The Walking Dead – So when the season started I wrote a diatribe about how generally disappointed I was. Being a long-time fan of the comics, I wanted the show to be as horrifying and tense as the original material. I was gratified by the first few episodes of season 1, but it quickly declined, and the first episode of season 2 was, in some ways, hilariously bad. Fortunately the last few episodes have given me renewed hope for this show. I’ve got a serious crush on Daryl, the redneck played by heart-stopper Norman Reedus, who is an entirely new addition to the cast of characters. I gasped twice during last night’s episode, which says a lot. The plot has elements from the comics but also new ones, which keeps me guessing but also gives me a thrill every time something from the comics is revealed. So, hooray! This show has been redeemed! Let’s hope it keeps this up and doesn’t descend into suckatude again.
American Horror Story – I really liked this show when it began, and it has maintained an incredible level of tension and horror. The problem is that I’m starting to become numb to it. A show has to have lows in order for the highs to be effective–maybe this is the problem with long-running horror serials, I don’t know. But now that the ghosts have been revealed as such, the show has lost some of its mystery, and the Harmon family continuing to reside in this horrible place is starting to become silly. That said, the Halloween episode was amazing and I cried a little. If Jamie Brewer doesn’t win an Emmy for her portrayal of the creepy Down Syndrome-afflicted medium Adelaide, then there is no justice in this world. Her desperation to be “a pretty girl” for Halloween was almost palpable.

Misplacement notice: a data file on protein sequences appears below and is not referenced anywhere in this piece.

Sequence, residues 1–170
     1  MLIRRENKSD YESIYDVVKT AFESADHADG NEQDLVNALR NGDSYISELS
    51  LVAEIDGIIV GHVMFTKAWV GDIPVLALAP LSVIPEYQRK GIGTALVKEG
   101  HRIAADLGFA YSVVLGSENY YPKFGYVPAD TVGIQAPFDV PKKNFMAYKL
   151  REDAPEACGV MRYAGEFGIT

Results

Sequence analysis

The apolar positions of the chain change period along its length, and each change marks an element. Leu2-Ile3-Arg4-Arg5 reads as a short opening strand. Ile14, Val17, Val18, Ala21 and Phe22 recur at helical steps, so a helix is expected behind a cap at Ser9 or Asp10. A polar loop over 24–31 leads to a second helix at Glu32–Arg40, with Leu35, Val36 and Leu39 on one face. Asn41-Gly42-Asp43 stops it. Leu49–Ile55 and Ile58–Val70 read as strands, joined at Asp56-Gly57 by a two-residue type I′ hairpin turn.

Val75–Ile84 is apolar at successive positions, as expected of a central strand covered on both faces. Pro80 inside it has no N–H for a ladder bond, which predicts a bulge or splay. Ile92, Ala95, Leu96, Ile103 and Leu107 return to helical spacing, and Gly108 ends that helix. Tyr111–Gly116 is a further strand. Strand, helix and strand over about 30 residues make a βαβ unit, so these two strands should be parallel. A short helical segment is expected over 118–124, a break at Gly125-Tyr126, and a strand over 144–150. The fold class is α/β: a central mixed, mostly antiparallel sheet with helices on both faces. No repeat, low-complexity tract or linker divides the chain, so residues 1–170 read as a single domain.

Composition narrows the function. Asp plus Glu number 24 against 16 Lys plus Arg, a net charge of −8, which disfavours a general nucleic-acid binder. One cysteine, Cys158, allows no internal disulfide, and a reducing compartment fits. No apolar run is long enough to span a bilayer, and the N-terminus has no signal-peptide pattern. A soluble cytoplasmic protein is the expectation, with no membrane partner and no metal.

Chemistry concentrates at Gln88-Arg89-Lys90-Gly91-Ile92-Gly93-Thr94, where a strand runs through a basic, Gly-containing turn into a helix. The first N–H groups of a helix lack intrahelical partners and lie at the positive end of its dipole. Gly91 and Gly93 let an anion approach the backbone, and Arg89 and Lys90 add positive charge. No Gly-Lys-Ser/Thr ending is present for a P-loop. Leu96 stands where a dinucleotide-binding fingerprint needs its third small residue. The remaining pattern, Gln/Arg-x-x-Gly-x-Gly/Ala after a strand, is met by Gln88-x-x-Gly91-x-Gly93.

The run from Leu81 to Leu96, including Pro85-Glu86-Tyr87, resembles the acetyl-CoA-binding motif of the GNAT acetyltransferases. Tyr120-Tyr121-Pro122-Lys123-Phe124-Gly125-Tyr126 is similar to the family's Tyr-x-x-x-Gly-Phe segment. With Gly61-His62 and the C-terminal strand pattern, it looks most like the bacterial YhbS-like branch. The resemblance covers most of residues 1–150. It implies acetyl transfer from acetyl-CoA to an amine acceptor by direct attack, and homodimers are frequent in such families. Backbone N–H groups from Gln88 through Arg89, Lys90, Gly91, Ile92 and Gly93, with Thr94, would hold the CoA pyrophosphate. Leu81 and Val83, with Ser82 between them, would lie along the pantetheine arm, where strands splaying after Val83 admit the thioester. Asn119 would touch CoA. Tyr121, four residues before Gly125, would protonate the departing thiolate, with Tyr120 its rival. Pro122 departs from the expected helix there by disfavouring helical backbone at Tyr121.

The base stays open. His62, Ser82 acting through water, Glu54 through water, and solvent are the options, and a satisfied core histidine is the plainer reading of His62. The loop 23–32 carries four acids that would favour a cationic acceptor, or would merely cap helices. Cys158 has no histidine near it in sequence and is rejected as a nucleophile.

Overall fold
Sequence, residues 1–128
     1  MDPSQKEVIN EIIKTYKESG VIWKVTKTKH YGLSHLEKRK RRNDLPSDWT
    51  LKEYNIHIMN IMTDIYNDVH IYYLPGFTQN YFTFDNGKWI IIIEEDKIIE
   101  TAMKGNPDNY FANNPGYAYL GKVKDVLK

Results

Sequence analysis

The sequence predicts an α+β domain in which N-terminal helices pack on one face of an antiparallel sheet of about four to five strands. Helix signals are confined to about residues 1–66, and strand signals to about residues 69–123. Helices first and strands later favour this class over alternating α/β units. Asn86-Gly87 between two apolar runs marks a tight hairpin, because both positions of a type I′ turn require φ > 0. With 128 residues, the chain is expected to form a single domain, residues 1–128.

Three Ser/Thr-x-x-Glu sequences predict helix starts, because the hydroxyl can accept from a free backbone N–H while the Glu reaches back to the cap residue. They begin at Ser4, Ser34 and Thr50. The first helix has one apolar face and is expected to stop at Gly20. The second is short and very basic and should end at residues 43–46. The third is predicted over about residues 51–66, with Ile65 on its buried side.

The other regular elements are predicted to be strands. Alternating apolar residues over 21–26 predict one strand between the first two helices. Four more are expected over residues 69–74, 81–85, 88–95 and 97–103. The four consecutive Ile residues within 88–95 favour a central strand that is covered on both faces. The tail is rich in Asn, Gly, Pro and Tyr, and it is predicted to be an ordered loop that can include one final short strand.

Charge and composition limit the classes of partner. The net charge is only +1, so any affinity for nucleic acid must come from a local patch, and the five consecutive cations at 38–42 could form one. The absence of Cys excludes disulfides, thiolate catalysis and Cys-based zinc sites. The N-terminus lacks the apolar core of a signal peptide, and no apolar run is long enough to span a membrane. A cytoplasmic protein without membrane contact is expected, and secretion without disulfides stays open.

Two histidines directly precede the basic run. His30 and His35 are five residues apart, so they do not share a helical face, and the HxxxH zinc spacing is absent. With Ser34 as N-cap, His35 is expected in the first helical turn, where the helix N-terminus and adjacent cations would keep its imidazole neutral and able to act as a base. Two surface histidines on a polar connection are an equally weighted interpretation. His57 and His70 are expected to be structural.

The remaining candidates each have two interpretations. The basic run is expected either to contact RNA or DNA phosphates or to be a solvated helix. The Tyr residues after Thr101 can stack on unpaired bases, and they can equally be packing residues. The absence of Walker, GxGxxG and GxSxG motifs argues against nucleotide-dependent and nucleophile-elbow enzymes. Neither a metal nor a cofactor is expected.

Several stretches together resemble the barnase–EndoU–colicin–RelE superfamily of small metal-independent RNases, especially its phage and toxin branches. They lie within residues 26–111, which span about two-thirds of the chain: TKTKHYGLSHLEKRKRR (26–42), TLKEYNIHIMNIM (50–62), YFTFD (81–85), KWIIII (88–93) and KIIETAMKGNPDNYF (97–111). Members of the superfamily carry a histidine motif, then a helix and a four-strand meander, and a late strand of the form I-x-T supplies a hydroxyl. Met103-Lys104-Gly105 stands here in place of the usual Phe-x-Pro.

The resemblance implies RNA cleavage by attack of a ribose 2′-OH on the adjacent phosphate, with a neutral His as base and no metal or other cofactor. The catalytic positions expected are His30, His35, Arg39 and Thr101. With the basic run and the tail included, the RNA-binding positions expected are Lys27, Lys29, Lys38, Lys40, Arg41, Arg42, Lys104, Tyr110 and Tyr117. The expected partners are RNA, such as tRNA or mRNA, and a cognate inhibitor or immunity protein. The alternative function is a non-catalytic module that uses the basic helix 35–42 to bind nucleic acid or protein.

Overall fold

Once Upon a Time – I really enjoy this show. In the most recent episode we were treated to the history of Snow White and Prince Charming falling in love, which was really sweet–as it turns out Snow was a fugitive living in the forest and robbing royals while making deals with trolls and plotting her evil stepmother’s demise. I like that even though this show is produced by Disney, and therefore does have some saccharine “true love is forever” overtones, the heroines are not shrinking violets there to be rescued by princes. Emma Swan is a bounty hunter! Snow White is a bandit! The evil queen is the mayor! This show has a lot of strong female leads, unlike most other shows on television right now. Honestly, though, Ginnifer Goodwin’s sensitive but tough portrayal of Snow White/Mary Margaret is the reason I keep coming back to this show. I’m hoping we’ll see some more Robert Carlyle in future episodes. You have no excuse for not watching this show, as all the episodes are available in HD for free, with minimal commercials, on ABC Go.